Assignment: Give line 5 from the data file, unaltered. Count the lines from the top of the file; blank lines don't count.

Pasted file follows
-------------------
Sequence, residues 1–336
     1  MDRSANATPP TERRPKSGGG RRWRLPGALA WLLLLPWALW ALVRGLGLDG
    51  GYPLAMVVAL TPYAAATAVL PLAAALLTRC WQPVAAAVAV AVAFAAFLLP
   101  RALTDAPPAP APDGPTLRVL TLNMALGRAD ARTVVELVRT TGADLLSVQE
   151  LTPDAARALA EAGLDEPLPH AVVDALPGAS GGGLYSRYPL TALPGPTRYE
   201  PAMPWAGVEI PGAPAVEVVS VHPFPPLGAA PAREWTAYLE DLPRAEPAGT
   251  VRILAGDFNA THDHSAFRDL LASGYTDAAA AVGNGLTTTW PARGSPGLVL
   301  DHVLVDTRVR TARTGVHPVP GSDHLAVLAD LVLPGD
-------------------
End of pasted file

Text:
   151  LTPDAARALA EAGLDEPLPH AVVDALPGAS GGGLYSRYPL TALPGPTRYE